June 24, 2007
June 24, 2007
June 27, 2007
Design in Engineering Education
12.308.1 - 12.308.10
Big Picture, Rational, Engineering Design Methodology.
Dr Andrew C Foley P.E. U.S Coast Guard Academy, New London, CT
Frequently in the teaching of design, instructors launch into an idealized sequence of identifying clients, their needs, setting objectives, planning, generating ideas, evaluating alternatives etc. Whilst no doubt beneficial in undertaking successful designs, what is often overlooked is an upfront assessment of whether or not a new design is genuinely required or really what prospective clients need. In the author’s personal consulting ‘design’ work it has frequently been found that the optimal solution path has been the identification of pre-existing designs and hence many contracts have been reduced to decision making processes. This has undoubtedly saved the client time and money and although not the client’s original intent is invariably a more successful contract conclusion. This paper describes a design sequence taught by the author whereupon elements of a Master level management course, previously taught be the author, have been grafted into the front end of a sophomore introductory mechanical design course. The techniques used are not too dissimilar to many of the design process methods already taught in the traditional sequence and hence there is no great increase in the abstraction or the quantity of material required. Rather the sequence, context and range of application are altered. If the techniques discussed do ultimately determine the necessity of undertaking a design process the paper goes on to re-affirm the importance of sketching and ‘guesstimation’ techniques within the traditional design process. To summarize, the paper describes an alternative ‘big picture’ design sequence which is hopefully unique enough to avoid the classification of ‘just another idealized design process’. Introduction Imagine the scenario of a patient with a broken arm seeking help from a tree surgeon. We would hope that before diving into the complexities of fixing a broken arm the tree surgeon would look at the big picture and re-direct the confused patient to an appropriate medical practitioner, perhaps along the way handing out a business card. Such a far fetched scenario is quite often not far from the mark for the engineer. Indeed many ‘design’ problems are often presented in such eloquent and well specified formats that the engineer often feels obliged to dive into a design process. Despite this, it is imperative to take a step back from the initial project proposal, problem description, etc. and undertake a situation appraisal.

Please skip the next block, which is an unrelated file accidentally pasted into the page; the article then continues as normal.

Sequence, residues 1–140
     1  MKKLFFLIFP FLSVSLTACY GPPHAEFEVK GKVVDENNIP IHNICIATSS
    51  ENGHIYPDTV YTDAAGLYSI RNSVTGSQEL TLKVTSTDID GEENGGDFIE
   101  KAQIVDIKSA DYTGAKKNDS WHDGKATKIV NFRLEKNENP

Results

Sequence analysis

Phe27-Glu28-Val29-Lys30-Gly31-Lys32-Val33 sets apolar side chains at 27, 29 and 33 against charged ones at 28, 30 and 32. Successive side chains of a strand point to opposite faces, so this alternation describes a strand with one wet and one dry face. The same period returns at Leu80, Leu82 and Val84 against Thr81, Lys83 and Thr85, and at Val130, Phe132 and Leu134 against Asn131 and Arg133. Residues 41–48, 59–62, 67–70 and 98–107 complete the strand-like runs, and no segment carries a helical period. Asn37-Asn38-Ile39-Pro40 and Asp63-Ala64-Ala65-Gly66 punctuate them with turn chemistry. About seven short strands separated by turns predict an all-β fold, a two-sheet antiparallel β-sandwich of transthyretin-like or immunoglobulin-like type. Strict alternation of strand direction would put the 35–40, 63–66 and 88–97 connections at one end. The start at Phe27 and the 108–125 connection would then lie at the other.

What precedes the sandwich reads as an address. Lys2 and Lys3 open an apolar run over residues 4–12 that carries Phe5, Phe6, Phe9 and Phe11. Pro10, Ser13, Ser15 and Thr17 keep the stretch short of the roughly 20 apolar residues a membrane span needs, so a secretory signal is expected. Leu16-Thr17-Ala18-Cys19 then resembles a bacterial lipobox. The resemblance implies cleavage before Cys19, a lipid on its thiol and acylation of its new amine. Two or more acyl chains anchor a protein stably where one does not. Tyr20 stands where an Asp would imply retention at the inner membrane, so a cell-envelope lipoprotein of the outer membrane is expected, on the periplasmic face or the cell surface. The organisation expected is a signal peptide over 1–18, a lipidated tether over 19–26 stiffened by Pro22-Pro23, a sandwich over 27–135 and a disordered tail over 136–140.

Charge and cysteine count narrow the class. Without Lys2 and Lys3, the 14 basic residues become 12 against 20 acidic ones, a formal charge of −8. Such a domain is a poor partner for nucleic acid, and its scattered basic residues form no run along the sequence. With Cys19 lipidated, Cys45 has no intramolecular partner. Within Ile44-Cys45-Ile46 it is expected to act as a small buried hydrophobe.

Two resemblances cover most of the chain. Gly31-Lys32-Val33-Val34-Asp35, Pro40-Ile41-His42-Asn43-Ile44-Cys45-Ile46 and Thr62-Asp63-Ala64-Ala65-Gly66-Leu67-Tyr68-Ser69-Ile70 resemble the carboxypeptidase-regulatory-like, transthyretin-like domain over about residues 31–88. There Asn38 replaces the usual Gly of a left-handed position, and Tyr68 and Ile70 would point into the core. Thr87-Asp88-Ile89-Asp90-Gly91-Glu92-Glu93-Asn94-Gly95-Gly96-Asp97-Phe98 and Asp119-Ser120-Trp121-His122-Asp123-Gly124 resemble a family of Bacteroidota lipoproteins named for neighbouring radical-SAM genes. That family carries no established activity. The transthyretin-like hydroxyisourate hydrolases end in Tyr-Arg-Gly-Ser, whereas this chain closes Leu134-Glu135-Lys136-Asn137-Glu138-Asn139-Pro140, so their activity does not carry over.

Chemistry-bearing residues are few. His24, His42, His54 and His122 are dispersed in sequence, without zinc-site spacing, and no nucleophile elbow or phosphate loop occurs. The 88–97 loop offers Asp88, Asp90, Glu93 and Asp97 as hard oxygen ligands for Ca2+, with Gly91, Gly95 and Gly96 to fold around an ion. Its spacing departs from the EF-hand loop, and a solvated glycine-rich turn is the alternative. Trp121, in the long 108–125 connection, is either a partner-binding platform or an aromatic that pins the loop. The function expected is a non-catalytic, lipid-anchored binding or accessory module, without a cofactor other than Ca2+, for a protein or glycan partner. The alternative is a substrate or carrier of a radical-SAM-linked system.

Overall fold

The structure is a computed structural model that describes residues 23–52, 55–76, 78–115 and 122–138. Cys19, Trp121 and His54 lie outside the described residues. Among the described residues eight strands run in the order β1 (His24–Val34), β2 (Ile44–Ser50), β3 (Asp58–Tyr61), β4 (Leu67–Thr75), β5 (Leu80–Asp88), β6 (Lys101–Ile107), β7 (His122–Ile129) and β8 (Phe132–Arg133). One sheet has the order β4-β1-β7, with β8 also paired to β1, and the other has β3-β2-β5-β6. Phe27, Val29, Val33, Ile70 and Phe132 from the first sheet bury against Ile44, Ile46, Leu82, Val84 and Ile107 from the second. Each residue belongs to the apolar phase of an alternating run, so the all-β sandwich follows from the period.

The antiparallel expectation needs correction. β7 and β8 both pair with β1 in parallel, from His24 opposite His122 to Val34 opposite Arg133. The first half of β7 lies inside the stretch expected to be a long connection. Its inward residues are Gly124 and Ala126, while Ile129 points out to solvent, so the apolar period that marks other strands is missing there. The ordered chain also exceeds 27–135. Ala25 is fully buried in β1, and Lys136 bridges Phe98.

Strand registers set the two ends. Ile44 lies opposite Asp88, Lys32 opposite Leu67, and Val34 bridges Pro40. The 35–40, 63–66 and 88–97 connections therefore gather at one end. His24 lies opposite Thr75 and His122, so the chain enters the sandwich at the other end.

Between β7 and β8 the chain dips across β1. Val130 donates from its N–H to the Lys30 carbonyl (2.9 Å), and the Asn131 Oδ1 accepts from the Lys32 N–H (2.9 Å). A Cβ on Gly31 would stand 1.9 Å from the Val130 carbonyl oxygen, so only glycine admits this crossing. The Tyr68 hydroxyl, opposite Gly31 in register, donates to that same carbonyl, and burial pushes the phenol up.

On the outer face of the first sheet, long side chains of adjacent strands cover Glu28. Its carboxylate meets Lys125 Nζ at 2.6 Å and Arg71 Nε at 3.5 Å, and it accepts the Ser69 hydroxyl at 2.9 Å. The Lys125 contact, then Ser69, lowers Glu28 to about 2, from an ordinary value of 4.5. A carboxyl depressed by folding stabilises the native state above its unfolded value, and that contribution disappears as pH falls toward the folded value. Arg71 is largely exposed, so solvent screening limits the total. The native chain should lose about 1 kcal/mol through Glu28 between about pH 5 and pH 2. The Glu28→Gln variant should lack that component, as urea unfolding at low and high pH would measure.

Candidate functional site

Front loading design with the ‘Big Picture’.
Kepner Tregoe (1981) calls it Situation Appraisal, the Army calls it ‘the estimate of the situation’, the Coast Guard ‘preliminary incident management’ and so on and so forth. Basically it is the process whereby you establish a datum or starting position. Only then can subsequent actions be evaluated as beneficial or detrimental to the status quo. The
Foley, A. (2007, June), Big Picture, Rational, Engineering Design Methodology Paper presented at 2007 Annual Conference & Exposition, Honolulu, Hawaii. https://peer.asee.org/1593
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